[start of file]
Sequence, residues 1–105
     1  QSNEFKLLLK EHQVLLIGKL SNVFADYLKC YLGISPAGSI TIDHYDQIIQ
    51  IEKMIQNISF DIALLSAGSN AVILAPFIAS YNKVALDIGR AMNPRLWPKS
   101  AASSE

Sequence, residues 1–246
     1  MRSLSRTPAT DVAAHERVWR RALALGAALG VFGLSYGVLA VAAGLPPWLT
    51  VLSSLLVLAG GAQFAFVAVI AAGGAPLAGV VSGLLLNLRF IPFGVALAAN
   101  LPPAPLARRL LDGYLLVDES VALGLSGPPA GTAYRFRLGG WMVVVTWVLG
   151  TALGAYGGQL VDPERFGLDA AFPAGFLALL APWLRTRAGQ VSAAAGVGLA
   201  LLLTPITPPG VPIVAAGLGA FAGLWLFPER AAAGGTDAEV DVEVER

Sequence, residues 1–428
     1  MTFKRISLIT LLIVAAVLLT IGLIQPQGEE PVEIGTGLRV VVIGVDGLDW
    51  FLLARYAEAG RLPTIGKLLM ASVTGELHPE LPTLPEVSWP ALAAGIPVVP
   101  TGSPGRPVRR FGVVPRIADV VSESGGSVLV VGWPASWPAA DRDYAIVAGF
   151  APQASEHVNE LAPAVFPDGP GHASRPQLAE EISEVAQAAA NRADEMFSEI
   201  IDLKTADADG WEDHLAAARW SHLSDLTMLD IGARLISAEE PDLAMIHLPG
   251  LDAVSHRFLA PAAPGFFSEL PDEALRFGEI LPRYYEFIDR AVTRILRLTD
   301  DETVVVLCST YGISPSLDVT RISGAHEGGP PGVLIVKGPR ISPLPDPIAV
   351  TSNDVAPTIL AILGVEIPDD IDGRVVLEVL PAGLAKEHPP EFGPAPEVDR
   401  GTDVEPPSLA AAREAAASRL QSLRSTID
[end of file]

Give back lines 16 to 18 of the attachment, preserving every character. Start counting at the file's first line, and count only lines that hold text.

   201  IDLKTADADG WEDHLAAARW SHLSDLTMLD IGARLISAEE PDLAMIHLPG
   251  LDAVSHRFLA PAAPGFFSEL PDEALRFGEI LPRYYEFIDR AVTRILRLTD
   301  DETVVVLCST YGISPSLDVT RISGAHEGGP PGVLIVKGPR ISPLPDPIAV